I topped the terrine with a large fried oyster and a touch of micro-celery for flavor contrast. I set up a deliberate temperature contrast between the hot oyster and the cold terrine. The pairing went well enough, especially when served with a glass of the same Sauvignon Blanc as in the gelée, but I don't think it was memorable enough to repeat. The effect was kind of white-on-white, technically interesting, visually appealing, and tasty enough, but perhaps too subtle.
Huevos Rancheros. This is a dish that I really liked on a lot of levels. Huevos Rancheros is a dish that many of us know and love: a fried egg and salsa on top of tortillas. I really like to reimagine classic dishes with the same classic flavors, but with different forms and textures. Sometimes I want you to really think about what you're eating and what role flavor, temperature, and texture play in your perception of a dish.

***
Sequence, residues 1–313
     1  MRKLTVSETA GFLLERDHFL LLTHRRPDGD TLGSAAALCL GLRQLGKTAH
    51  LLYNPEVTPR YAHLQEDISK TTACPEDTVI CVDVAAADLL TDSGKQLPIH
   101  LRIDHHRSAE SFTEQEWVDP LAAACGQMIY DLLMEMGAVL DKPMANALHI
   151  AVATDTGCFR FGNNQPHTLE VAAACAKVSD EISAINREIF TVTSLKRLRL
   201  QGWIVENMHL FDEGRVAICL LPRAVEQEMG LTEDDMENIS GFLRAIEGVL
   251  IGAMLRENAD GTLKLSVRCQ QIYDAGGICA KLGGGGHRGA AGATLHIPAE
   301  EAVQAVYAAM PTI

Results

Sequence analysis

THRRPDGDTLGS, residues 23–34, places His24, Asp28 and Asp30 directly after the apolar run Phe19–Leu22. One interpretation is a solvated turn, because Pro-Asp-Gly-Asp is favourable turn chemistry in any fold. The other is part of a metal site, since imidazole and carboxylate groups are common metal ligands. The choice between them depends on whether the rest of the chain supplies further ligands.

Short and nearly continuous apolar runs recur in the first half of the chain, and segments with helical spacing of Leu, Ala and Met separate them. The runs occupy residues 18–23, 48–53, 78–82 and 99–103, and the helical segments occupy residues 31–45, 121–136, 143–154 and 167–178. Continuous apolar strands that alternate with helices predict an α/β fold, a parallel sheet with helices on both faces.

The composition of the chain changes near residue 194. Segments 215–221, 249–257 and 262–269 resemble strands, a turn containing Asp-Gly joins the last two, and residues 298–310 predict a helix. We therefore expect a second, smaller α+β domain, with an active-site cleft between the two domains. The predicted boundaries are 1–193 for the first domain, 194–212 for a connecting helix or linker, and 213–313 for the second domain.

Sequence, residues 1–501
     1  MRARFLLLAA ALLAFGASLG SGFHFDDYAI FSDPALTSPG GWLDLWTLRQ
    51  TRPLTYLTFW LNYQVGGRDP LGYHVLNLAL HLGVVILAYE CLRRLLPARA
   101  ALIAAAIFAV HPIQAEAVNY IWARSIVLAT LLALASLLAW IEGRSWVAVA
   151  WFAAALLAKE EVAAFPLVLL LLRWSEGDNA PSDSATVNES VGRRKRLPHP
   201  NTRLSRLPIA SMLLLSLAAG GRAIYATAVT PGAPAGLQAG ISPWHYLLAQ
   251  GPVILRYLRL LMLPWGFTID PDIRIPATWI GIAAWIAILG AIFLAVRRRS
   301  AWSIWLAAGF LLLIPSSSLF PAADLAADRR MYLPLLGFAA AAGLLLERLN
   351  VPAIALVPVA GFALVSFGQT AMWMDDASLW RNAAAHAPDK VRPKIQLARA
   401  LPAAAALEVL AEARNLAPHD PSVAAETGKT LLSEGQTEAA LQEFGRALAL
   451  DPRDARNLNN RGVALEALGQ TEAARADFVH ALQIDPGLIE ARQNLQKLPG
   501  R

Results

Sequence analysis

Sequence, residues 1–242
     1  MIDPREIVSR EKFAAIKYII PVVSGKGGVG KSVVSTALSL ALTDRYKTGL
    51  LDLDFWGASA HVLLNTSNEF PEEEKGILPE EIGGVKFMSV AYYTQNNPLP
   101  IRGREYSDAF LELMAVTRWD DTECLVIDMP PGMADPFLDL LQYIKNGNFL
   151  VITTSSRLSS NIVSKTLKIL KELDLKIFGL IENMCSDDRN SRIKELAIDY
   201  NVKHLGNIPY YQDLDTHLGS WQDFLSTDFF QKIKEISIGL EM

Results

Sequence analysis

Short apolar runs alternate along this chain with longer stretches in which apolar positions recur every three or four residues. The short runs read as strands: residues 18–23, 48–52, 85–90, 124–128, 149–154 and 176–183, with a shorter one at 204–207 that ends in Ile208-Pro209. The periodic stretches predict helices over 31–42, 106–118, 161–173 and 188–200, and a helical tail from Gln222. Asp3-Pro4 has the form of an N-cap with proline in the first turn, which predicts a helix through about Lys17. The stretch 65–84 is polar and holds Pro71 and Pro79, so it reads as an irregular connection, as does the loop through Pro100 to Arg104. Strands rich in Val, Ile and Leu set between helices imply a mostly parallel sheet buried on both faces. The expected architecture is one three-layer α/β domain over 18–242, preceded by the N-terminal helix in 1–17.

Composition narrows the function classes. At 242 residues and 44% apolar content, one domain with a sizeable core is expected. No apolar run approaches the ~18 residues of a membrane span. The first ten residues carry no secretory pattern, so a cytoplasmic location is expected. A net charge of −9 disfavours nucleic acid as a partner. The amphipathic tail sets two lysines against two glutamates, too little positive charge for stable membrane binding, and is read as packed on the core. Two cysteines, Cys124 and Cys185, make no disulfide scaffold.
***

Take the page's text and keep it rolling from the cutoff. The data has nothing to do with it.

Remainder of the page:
The first thing I thought about was the tortilla. Gringos have a predominant preference for wheat flour tortillas rather than the classic corn masa tortillas that the dish is usually served on. I decided to play on this by using the form of wheat that we most often treat as corn: semolina. What do we mostly do with semolina, if we're not making pasta? Boil it up into a mush like polenta—think gnocchi di semolina or Cream of Wheat, which if thick enough resembles masa. And the pasta yellow color doesn't hurt in the trompe l'oeil effect either. So, I cooked the semolina fairly thick, spread it in a thin layer, let it set up, cut rounds out, and toasted them in a dry pan just like cooking tortillas on a comal.